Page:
• Missing data: If vital parts are too close to the edge, they may not appear in the photocopy. If the page is not positioned properly on the scanner glass, the photocopy may be missing parts of the page.
  • Skewed. If the book is crooked, the copy will be crooked.
  • Light pollution – Since the cover cannot be closed all the way, light will be scattered and, as a result, interfere with the “rendering”, resulting in a muddied copy. A grey background rather than a white one.
  • Blurring. Movement before or during the scan. If the cover is held down by hand, the book may move before or during copying, resulting in a skewed copy or even one that is blurred.

And so on …

Slide copying

In the past, slides were copied with cameras.  This is highly relevant to digitising negs. In fact it is a precedent. It was a laborious process.

The equipment:

  • Film camera.
  • A macro lens capable of 1:1 rendering.
  • Slide reproduction film.
  • Slide returned from a lab in its holder
  • Copy stand for holding the camera above the slide to ensure that the film plane and slide are parallel
  • Holder for the slide to keep the slide square and the film flat,
  • Light source to illuminate the slide evenly at the proper colour temperature.
  • Fairly dark space to eliminate stray light from interfering with the illuminated image.

And then the operator will have to focus the camera precisely.

And then there’s dust. Dust in the air. On the slides. In the lens.

For slide copying the variables are: resolution and colour fidelity of the film, the aperture setting to optimise resolution, the fidelity of the light source, (even and correct colour temperature), the precise focusing, the lens, vibration, the skill of the operator. It was complicated. Each element introduced an error. And errors propagated, becoming worse with each succeeding step.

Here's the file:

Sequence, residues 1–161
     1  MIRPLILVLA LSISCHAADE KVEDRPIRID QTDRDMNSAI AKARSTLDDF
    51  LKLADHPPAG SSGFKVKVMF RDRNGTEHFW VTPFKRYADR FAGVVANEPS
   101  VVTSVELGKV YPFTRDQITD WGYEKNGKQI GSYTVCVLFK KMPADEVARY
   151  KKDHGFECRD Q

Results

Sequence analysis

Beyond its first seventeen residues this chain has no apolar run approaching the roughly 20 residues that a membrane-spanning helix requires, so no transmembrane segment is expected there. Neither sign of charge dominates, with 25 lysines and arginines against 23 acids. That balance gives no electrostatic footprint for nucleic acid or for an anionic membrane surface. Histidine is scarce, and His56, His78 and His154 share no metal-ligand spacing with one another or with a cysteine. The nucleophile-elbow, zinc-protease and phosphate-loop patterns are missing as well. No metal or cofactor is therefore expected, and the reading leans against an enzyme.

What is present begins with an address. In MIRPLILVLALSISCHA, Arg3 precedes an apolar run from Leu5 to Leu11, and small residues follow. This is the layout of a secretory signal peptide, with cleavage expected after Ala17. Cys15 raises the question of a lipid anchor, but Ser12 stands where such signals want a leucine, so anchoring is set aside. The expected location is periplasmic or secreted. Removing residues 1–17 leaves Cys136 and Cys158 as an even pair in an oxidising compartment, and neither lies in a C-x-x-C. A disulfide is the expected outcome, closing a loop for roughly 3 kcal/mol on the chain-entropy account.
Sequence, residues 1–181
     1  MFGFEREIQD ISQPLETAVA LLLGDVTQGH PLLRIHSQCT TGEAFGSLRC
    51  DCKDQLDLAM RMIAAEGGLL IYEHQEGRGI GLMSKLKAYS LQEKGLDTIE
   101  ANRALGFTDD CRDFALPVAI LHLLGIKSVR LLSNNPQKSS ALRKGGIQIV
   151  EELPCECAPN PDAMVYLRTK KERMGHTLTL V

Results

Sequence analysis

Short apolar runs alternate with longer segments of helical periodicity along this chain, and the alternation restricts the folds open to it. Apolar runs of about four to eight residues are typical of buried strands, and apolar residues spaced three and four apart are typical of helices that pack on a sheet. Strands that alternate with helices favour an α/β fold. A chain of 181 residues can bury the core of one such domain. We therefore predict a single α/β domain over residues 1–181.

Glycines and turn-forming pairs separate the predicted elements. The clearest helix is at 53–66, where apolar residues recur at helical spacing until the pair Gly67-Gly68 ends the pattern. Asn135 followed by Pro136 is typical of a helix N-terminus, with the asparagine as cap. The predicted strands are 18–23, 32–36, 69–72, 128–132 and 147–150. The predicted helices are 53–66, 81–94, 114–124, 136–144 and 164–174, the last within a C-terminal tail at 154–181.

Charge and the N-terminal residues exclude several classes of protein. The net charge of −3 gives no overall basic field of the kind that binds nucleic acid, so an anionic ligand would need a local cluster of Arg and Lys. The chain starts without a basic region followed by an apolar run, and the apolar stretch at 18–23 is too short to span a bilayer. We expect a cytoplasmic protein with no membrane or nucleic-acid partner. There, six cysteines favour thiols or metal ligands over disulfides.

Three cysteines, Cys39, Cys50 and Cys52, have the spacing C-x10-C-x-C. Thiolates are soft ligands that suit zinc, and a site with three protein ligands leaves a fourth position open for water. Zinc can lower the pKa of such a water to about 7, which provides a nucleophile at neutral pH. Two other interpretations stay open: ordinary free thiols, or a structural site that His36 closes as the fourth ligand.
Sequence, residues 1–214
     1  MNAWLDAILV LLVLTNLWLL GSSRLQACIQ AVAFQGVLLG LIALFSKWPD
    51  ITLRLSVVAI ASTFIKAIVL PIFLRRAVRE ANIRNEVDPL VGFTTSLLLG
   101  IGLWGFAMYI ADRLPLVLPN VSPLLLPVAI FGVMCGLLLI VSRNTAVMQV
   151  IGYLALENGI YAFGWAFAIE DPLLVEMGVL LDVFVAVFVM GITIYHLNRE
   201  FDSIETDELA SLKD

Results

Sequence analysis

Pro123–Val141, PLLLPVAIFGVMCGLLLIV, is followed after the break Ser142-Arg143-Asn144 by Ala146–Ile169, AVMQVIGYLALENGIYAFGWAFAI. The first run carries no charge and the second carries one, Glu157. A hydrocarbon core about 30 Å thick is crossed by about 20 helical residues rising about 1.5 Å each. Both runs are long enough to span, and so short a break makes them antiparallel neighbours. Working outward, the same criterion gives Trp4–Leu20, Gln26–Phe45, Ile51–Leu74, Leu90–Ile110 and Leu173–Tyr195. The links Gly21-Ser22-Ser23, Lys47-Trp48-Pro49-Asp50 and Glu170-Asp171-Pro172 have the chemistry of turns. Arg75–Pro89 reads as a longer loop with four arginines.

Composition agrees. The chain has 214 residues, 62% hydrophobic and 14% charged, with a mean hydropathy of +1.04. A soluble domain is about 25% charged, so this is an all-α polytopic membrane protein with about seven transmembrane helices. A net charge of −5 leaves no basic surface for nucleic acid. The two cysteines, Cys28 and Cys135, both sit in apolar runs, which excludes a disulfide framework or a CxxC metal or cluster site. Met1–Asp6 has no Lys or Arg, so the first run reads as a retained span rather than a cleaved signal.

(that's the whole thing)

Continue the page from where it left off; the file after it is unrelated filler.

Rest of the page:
The connection to digitising negs is obvious. Best practises for slide copying have their equivalent in digitising negs and also in photographing small objects at life-size or larger and other subjects.


That camera may have 50 mega-pixels but that is the optimal, theoretical number, which is dependent on the other elements being perfect, introducing no errors. But they will, of course.

Would you rather buy something that you can use out-of-the-box or would you prefer to construct it out of elements that you choose, knowing that each element will need to be properly vetted? Think of the time and the agony of choosing. And the regret. Buyer’s remorse. That certainly applies to a digital scanning setup. But it also applies to ordinary in-the-field photography. Think lens, camera, sensor/film.

How can we evaluate how good even the camera can be?

So the stated resolution is 50 mega-pixels. But that’s only one element in the chain of  error propagation. Lens, filter, sensor, image processing system, storage device. In that closed system. It is a theoretical upper bound, the most/best one can expect. After the camera lens does its number, it is less. After the camera corrects for the fact that each pixel only registers red, green, or blue, it is even less, for example, during a process known as demosaicing or even with less error-prone pixel-shifting.

Line pairs per mm [lp/mm]

One measure of image resolution is the number of line pairs per mm, that is to say the number of lines that can be distinguished from each other, rather than melding into a blur.